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filed: June 3, 1983.


No. 360 Harrisburg, 1981, Appeal from the Judgment of Sentence of December 7, 1981, in the Court of Common Pleas of York County, Criminal Division, at No. 507 CA 1980.


C. William Costopolous, Lemoyne, for appellant.

Sheryl Ann Dorney, Assistant District Attorney, York, for Commonwealth, appellee.

Wickersham, Cirillo and Watkins, JJ. Cirillo, J., concurs in the result.

Author: Watkins

[ 314 Pa. Super. Page 568]

This is an appeal from the judgment of sentence of the Court of Common Pleas of York County, Criminal Division, by the defendant-appellant, George J. Garner, Sr., after conviction by a jury of attempted voluntary manslaughter and violation of the Uniform Firearms Act. Post-trial motions were argued and denied. This appeal followed.

On the morning of April 7, 1980 at about 6:00 a.m., the defendant went to the Turkey Hill Market locate at 2704 S. Queen St., York, PA where his wife, Catherine, was employed. An argument ensued and the defendant shot her several times.

The questions raised on this appeal are: (1) whether the crime of attempted voluntary manslaughter exists under Pennsylvania law; (2) whether the arrest of the defendant by the arresting officer was outside the limits of the officer's jurisdiction; and (3) defendant's claim of prosecutorial misconduct.

Section 901(a) 18 Pa.C.S.A. defines criminal attempt as follows:

"A person commits an attempt when, with intent to commit a specific crime, he does any act which constitutes a substantial step toward the commission of that crime."

The crime of voluntary manslaughter is defined in 18 Pa.C.S.A. 2503(a)(1) as follows:

"A person who kills an individual without lawful justification commits Voluntary Manslaughter if, at the time of the killing, he is acting under a sudden and intense passion resulting from serious provocation by the individual killed."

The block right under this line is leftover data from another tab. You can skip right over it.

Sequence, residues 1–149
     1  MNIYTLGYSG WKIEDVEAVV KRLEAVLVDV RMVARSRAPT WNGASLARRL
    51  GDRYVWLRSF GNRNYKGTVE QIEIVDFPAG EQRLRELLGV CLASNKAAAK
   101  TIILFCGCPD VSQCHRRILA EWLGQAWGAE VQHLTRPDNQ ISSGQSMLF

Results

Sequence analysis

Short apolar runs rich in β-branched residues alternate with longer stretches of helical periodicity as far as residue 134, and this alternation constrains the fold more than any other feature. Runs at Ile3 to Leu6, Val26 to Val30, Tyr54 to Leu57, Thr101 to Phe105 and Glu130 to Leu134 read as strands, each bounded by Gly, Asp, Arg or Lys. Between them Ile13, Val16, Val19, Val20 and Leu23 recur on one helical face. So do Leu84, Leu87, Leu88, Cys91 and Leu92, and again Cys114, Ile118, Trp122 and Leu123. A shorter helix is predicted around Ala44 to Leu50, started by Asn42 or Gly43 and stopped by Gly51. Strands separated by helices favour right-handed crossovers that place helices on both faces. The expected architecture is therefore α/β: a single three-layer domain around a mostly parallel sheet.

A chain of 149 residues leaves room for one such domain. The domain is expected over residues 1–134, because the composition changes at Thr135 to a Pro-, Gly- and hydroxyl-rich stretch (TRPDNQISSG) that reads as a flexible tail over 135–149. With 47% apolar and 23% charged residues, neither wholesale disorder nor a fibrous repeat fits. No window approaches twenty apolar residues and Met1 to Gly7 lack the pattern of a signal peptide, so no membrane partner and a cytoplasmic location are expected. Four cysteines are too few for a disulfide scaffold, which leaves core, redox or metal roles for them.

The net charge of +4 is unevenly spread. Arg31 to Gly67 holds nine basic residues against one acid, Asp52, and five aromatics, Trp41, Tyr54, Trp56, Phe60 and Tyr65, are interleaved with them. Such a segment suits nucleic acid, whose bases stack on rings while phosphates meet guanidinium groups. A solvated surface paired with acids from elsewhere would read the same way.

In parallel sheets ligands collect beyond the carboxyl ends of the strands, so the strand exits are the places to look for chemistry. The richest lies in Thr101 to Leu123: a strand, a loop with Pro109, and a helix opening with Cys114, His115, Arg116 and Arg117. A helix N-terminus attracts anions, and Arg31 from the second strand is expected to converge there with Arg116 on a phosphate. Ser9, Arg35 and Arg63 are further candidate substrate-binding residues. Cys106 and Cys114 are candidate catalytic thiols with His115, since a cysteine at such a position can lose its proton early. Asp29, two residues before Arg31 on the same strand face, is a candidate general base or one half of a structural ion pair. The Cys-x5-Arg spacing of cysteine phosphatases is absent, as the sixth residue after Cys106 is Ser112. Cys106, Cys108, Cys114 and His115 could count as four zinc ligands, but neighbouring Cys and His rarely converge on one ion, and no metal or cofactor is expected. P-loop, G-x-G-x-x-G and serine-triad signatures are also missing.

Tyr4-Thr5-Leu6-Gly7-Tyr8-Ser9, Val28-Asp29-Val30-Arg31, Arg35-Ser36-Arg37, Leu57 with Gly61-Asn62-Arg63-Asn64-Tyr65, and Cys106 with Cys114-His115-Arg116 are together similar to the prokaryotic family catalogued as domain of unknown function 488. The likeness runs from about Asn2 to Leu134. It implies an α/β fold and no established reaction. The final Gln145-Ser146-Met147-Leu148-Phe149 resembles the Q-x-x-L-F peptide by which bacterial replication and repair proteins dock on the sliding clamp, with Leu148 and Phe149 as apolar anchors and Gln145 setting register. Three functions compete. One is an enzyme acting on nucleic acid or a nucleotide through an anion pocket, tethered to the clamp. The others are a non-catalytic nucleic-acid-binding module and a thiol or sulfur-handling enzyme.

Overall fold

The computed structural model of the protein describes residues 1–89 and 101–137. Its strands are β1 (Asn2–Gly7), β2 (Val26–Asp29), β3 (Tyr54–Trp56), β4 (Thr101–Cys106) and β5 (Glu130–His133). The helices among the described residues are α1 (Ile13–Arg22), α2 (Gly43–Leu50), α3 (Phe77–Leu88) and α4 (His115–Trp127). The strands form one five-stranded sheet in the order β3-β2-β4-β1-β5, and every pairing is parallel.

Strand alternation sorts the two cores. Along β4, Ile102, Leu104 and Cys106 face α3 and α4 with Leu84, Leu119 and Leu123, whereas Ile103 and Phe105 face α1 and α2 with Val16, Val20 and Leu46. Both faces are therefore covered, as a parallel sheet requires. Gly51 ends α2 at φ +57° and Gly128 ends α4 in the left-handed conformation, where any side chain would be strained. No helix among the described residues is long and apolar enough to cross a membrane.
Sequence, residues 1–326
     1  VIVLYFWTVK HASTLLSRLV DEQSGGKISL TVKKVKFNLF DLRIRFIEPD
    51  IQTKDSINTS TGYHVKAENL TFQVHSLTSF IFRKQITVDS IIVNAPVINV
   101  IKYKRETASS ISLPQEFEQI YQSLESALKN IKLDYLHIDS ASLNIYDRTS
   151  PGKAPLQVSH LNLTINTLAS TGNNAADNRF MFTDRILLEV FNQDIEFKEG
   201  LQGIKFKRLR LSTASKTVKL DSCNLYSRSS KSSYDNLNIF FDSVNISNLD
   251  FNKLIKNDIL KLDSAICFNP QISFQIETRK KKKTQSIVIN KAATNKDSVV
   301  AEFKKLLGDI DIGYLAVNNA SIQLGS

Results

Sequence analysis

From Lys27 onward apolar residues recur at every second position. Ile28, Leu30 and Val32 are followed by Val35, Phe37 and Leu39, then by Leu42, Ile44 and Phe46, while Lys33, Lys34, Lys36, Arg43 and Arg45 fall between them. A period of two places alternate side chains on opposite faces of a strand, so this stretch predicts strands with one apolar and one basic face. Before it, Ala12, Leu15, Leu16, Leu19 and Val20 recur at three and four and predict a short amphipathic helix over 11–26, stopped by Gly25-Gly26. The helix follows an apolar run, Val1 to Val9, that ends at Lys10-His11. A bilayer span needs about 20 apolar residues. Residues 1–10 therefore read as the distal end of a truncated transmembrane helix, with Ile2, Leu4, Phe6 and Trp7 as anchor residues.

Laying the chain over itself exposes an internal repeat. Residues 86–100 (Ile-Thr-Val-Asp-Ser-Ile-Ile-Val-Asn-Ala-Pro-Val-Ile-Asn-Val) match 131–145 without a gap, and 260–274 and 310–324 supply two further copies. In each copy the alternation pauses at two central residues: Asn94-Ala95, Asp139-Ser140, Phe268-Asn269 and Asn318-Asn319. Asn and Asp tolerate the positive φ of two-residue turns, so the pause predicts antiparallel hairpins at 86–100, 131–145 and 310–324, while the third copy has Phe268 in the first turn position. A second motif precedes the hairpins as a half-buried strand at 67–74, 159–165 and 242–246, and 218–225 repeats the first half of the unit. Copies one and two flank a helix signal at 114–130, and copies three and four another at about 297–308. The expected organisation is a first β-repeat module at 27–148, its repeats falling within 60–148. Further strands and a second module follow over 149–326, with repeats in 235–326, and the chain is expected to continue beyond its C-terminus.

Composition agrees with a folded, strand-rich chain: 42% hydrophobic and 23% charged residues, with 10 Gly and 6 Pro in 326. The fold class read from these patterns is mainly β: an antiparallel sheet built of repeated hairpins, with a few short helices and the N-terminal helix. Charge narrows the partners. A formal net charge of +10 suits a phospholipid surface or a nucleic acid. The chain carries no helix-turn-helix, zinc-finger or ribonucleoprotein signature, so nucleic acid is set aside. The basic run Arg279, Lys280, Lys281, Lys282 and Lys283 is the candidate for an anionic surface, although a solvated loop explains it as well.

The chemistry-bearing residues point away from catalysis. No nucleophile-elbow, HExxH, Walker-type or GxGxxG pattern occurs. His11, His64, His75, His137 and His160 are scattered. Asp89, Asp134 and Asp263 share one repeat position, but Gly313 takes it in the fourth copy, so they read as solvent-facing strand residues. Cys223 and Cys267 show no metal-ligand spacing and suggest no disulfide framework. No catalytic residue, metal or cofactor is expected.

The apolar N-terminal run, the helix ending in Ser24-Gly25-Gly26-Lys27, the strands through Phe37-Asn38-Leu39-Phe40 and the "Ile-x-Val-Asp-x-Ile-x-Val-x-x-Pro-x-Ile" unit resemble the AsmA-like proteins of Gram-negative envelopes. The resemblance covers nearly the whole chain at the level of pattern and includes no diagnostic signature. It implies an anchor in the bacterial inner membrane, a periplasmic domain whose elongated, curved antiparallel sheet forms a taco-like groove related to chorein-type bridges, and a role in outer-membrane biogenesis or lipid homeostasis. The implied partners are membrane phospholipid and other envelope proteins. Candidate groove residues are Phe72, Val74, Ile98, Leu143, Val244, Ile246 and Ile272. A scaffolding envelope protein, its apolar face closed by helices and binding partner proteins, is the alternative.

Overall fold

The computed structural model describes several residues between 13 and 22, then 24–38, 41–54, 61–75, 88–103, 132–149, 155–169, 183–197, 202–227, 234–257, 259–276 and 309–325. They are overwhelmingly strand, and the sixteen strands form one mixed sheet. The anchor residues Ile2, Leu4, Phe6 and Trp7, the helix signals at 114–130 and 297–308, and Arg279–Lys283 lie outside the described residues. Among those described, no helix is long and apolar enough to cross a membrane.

In the case of Commonwealth v. Mason, 474 Pa. 308, 378 A.2d 807 (1977), the Supreme Court held:

"The trial court's refusal to charge the jury concerning the element of intent necessary to convict of Voluntary Manslaughter was error. The term 'Voluntary Manslaughter' contemplates an intentional or voluntary act on the part of the defendant."

[ 314 Pa. Super. Page 569]

Voluntary manslaughter has been defined as a "nonmalicious, felonious killing with specific intent either to kill or to seriously injure." Commonwealth v. Moore, 398 Pa. 198, 202 n. 2, 157 A.2d 65, 68 n. 2 (1959).

As the court below stated:

"Defendant complains that the crime of which he stands convicted, attempted voluntary manslaughter, does not exist. We disagree. Voluntary manslaughter is an intentional killing, but without the malice required to raise the degree of culpability to that of murder. Dr. Gent testified that in his opinion the Defendant acted out of the heat of passion, anger, hostility or resentment. The jury apparently accepted that opinion, and found that the Defendant did in fact attempt to kill his wife while acting under the influence of those emotions, and with the intention of killing her. We are satisfied that the evidence and the law supports this finding."